In cases where performance is not entirely impossible, Article 137 of the TCO regulates partial impossibility of performance. “According to this Article, if performance becomes partially impossible for reasons that the debtor cannot be held liable, the debtor shall only dispense with part of the debt which became impossible. However, if it is expressly understood that such a contract will not be executed by the parties if the partial impossibility of performance was foreseen beforehand, the whole debt shall come to an end.”

When the second paragraph of the same Article is evaluated within the framework of EPC Contracts, if the contractor’s debt will be rendered partially impossible, and the employer accepts partial performance, payment, which is the corresponding performance, shall be performed at that ratio. Thus, the contractual duties will continue. However, if the parties or the creditor did not consent to such performance, or if the corresponding act has an indivisible character, the full impossibility provisions of Article 136 of TCO will apply.

Hardship is the most commonly faced situation when unforeseeable circumstances occur, and is regulated under Article 138 of the TCO. According to this Article, if an extraordinary situation that could not be foreseen, and could not be expected to be foreseen at the execution of the contract, emerges for a reason not caused by the debtor and changes the facts that were present when the contract was executed against the interests of the debtor in a way contrary to good faith principles, and the debtor did not perform, or performed by reserving their rights arising from the impossibility of performance, the debtor has the right to request adaptation of contract from the judge, and if that is not possible, to rescind the contract and, for EPC contracts, in principle, the debtor uses the right of cancellation instead of rescission.

In cases where unforeseen circumstances that disturb the balance between the performances which require adaptation, and frustration of the contract occurs, the aforementioned institutions of the TCO will apply.

However, as the regulations regarding force majeure and adaptation of contract are not mandatory, the parties may have adopted solutions provided by international institutions, such as the ICC, FIDIC, or other solutions that they have consented to. Therefore, to make determinations as to how the occurrence of unforeseen circumstance will affect the parties, whether or not there is a provision in the contract, must be checked in the first place.[4]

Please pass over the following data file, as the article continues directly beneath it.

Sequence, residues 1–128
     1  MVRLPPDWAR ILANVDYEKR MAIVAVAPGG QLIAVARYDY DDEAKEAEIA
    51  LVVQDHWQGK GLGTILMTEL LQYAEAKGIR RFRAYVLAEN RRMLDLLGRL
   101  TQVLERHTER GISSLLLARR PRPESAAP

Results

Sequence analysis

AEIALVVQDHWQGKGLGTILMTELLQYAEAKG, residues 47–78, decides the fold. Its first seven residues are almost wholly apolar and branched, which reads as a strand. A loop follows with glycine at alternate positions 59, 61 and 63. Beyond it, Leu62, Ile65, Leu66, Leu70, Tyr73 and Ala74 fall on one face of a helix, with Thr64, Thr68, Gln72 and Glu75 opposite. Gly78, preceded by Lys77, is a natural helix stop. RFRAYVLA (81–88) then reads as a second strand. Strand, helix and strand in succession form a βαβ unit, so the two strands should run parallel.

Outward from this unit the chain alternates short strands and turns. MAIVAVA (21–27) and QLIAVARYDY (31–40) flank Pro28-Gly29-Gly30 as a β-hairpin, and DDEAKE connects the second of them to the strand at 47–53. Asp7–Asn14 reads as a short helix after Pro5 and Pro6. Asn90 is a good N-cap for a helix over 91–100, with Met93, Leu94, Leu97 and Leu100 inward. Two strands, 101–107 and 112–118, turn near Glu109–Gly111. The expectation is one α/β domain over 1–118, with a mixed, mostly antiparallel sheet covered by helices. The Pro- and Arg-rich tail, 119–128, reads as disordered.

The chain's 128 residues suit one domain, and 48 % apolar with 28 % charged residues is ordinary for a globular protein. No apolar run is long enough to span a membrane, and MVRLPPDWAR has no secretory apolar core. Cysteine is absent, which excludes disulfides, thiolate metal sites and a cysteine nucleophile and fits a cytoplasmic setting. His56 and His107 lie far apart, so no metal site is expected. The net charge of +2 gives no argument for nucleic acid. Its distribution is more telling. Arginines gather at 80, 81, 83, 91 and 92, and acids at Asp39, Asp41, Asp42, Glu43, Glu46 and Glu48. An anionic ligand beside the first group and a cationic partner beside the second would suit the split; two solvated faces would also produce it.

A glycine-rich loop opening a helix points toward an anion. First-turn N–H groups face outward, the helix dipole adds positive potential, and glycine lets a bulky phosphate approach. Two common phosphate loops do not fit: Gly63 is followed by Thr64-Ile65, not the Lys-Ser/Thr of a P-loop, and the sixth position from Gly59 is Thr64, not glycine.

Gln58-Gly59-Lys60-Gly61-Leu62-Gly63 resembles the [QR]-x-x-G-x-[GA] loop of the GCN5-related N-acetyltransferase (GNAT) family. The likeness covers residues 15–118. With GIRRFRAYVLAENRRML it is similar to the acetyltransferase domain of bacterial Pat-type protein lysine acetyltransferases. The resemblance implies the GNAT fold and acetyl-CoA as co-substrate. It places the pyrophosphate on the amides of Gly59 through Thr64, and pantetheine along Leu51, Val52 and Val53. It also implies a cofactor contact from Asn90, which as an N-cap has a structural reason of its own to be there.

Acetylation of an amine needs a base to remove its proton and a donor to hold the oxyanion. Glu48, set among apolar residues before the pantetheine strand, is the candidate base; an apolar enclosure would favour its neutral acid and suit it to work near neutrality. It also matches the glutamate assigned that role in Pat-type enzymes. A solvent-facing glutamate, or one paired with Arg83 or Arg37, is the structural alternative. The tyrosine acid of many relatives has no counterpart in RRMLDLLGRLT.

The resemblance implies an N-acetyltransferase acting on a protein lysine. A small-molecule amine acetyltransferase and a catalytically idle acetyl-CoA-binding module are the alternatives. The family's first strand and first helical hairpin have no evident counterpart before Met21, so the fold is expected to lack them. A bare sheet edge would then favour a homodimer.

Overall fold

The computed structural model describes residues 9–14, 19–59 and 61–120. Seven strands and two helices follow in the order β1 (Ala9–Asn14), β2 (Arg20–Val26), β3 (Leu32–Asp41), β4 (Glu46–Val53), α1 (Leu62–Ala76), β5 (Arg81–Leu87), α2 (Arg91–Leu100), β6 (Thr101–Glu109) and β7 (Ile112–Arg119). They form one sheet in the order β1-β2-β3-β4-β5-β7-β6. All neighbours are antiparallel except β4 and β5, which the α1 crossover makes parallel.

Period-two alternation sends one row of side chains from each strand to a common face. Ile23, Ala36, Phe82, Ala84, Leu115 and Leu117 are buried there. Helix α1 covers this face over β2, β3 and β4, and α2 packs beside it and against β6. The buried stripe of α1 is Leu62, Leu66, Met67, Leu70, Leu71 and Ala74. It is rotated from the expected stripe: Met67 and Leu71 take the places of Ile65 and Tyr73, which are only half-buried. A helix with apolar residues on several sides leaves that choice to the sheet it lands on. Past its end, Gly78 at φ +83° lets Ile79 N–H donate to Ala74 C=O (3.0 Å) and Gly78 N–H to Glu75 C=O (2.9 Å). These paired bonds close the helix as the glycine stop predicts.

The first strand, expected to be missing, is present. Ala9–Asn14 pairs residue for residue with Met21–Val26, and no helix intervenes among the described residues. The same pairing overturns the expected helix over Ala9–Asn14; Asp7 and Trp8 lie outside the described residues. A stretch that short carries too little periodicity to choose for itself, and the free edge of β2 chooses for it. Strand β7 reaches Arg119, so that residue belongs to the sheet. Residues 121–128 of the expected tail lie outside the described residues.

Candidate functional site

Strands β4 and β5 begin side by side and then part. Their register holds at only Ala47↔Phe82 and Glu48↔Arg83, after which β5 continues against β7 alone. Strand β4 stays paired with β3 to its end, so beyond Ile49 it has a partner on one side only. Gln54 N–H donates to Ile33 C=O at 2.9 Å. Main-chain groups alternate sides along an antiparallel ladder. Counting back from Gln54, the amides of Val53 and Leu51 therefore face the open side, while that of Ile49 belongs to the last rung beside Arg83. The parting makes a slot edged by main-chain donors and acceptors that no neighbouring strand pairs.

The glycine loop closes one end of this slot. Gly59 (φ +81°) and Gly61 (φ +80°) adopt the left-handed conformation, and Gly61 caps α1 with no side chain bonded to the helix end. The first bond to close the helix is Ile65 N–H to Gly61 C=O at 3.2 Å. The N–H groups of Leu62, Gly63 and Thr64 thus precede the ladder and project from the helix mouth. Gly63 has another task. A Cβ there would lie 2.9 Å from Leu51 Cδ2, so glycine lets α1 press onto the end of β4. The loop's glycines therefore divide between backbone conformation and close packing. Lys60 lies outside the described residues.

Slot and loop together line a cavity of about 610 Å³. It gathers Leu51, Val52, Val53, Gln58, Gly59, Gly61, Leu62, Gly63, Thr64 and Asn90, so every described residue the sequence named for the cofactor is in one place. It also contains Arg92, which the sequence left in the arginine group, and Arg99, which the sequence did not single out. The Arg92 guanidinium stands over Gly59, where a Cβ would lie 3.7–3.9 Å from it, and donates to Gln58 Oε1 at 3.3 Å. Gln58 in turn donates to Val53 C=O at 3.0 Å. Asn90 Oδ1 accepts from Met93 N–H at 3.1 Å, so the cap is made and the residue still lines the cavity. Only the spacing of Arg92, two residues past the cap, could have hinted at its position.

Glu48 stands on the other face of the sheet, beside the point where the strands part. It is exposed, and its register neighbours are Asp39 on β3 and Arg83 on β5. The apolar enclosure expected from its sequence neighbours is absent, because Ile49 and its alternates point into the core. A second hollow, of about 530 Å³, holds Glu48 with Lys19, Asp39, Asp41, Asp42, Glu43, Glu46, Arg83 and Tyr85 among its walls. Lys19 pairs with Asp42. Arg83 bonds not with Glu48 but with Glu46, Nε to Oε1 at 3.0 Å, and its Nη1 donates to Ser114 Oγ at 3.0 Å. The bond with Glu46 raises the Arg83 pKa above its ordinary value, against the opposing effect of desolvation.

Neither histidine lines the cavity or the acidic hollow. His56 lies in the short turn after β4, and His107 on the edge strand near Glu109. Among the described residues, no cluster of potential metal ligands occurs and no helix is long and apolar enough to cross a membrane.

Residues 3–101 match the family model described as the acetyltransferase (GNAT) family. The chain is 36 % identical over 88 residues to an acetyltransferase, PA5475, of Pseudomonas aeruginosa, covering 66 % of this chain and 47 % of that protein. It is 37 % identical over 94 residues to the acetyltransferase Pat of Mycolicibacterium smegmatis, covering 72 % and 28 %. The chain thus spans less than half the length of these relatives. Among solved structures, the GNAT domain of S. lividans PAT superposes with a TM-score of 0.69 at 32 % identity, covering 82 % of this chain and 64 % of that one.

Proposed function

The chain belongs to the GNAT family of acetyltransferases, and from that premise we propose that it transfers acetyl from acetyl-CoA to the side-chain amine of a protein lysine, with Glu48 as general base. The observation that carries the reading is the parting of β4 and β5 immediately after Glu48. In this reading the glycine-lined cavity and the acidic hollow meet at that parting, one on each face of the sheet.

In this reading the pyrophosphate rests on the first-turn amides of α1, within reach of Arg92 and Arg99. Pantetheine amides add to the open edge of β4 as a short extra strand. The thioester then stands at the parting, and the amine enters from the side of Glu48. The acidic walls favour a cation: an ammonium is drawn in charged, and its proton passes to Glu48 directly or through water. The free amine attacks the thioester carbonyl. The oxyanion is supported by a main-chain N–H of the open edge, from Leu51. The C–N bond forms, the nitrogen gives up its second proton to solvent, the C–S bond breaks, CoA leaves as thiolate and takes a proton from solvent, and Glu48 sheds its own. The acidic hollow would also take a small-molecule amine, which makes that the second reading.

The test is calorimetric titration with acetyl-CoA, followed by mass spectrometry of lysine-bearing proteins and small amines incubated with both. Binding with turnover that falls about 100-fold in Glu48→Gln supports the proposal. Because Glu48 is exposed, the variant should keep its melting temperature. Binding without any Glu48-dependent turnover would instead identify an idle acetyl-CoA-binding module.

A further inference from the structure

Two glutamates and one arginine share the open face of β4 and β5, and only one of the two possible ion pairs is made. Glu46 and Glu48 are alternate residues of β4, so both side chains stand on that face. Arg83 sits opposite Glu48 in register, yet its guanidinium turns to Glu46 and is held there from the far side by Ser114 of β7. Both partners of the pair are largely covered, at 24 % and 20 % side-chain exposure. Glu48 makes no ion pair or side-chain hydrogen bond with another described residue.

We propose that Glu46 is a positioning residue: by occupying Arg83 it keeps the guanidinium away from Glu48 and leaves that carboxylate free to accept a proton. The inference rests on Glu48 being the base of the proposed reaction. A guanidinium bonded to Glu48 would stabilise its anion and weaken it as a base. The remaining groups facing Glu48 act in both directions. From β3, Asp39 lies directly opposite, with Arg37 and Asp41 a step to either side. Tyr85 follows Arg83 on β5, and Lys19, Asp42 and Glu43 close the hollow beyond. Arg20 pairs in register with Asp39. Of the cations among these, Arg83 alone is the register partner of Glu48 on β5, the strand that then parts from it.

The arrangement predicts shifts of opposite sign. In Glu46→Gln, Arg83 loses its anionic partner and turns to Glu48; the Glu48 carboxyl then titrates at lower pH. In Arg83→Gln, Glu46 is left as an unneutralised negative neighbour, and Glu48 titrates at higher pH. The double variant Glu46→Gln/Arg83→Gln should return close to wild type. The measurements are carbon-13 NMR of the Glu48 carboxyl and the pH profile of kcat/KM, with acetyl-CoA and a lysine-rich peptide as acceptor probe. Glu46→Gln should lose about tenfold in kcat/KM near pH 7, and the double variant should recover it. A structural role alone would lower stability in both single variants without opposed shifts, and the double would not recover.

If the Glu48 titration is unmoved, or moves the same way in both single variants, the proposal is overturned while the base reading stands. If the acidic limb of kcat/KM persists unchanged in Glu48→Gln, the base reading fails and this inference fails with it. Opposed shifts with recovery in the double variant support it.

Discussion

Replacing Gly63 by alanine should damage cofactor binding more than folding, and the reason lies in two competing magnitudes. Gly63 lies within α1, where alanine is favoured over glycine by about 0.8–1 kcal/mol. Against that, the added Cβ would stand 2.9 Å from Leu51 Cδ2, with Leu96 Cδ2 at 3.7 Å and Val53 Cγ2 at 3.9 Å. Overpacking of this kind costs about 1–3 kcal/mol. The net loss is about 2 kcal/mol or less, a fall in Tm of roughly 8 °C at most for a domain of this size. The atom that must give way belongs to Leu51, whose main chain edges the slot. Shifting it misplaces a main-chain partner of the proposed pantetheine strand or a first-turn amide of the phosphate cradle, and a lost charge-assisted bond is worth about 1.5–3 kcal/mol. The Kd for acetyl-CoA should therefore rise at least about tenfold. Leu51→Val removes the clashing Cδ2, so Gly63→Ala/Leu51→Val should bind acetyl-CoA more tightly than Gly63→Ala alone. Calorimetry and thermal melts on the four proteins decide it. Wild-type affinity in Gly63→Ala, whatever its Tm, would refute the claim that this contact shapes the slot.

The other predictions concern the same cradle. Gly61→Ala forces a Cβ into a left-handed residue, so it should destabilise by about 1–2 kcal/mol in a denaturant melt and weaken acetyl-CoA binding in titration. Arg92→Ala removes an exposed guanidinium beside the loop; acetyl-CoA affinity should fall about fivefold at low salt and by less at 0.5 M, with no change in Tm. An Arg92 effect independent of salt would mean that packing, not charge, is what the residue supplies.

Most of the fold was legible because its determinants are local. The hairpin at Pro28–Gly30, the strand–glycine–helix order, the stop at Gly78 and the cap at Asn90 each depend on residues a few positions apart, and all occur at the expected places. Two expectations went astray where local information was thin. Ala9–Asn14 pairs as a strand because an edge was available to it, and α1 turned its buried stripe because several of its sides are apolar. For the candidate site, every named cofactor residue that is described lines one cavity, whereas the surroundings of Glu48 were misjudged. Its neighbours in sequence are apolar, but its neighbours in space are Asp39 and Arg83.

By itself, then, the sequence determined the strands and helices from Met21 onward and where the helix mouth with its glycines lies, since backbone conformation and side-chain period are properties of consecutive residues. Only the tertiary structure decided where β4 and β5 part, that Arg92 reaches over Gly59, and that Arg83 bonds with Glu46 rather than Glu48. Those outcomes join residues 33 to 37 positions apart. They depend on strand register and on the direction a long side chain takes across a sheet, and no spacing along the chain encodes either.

In addition, FIDIC Contracts that are the most frequently used “model contracts” across the globe in terms of EPC Contacts, regulates hardship and force majeure in a detailed article under the heading Unforeseeable Physical Conditions in the most frequently used editions, such as the ‘red book’ and ‘yellow book.’ Article 4.12 regulates the parties’ and, especially, the contractor’s, requests of additional time and expenses in case of the occurrence of an unexpected physical circumstance. Thus, even though the occurred circumstance was not unforeseen, an important precaution has been taken to prepare the parties for the relevant circumstances, to continue the work, and to prevent disputes regarding the allocation of risk through this Article.[5]

Furthermore, in the same model contracts, the term ‘unforeseeable’ is defined as “Not reasonably foreseeable by an experienced contractor by the date of submission of the tender.”[6]

In the ‘silver book,’ which is another FIDIC model contract, a different regulation is present in favor of the employer. In Article 4.12 of the silver book entitled ‘Unforeseeable Difficulties,’ the following facts that (a) the contractor shall be deemed to have obtained all necessary information as to risks, contingencies and other circumstances that may influence or affect the works, (b) by signing the contract, the contract accepts total responsibility for having foreseen all difficulties and costs of successfully completing the works, and (c) the contract price shall not be adjusted to take into account any unforeseen difficulties or costs, are regulated.

As it may be understood from that Article, the FIDIC silver book brings through it a contractual provision, which leaves the total risk related to unforeseeable circumstances with the contractor.[7]

Most EPC contracts, such as these model contracts, include provisions such as adaptation, force majeure and hardship, regarding unforeseeable circumstances and unforeseeability. While drafting these Articles, initially, the strategy and dispute resolution method, and consequences in case the contractor fails to clear up the effects caused by unforeseeable circumstance, or fails to reasonably decrease the effects, must be considered.[8]

Conclusion

Leaving the effects of unforeseeable circumstance to the general provisions of the law applicable to the contract leads to various uncertainties, and may cause damages beyond the expectations and calculations of both the contractor and the employer. Therefore, drafting a definition for unforeseeability and unforeseeable circumstance, and also drafting Articles regulating force majeure, hardship and the calculation and adaptation methods to be applied, which were previously practiced and became subjects of court decisions, not only removes the uncertainties, but also reduces the risk of a dispute to a great extent, and even specifies the damages and risks of parties in case of a dispute.

(Authored by Tuna Colgar and first published by Erdem&Erdem on February 2021)


[1] Schneider, Micheal E.: “A Typology of Risk Allocation – The Example of FIDIC Suite of Contracts”, in Atamer, Yeşim M./ Süzer Baş, Ece/Geisinger, Elliott: Uluslararası İnşaat Sözleşmelerinde Beklenmeyen Hal Kavramı, On İki Levha, p. 17.

[2] Koot van de Wim: “The Owner’s and Contractor’s Due Diligence in Theory and Practices”, in Atamer / Süzer Baş / Geisinger, p. 51.

[3] Baysal, Başak: “A Comparative Analysis Regarding Continental European Legal Systems”, in Atamer / Süzer Baş / Geisinger, p. 91.

[4] Baysal, p. 93.

[5] Bunni, Nael G.: The FIDIC Forms of Contract, 3rd Edition, Blackwell Publishing, p. 528.

[6] Bunni, p. 528.

[7] Bunni, p. 584-585.

[8] Schilling, Alexander: “A Critical View from the Industry”, in Atamer / Süzer Baş / Geisinger, p. 197.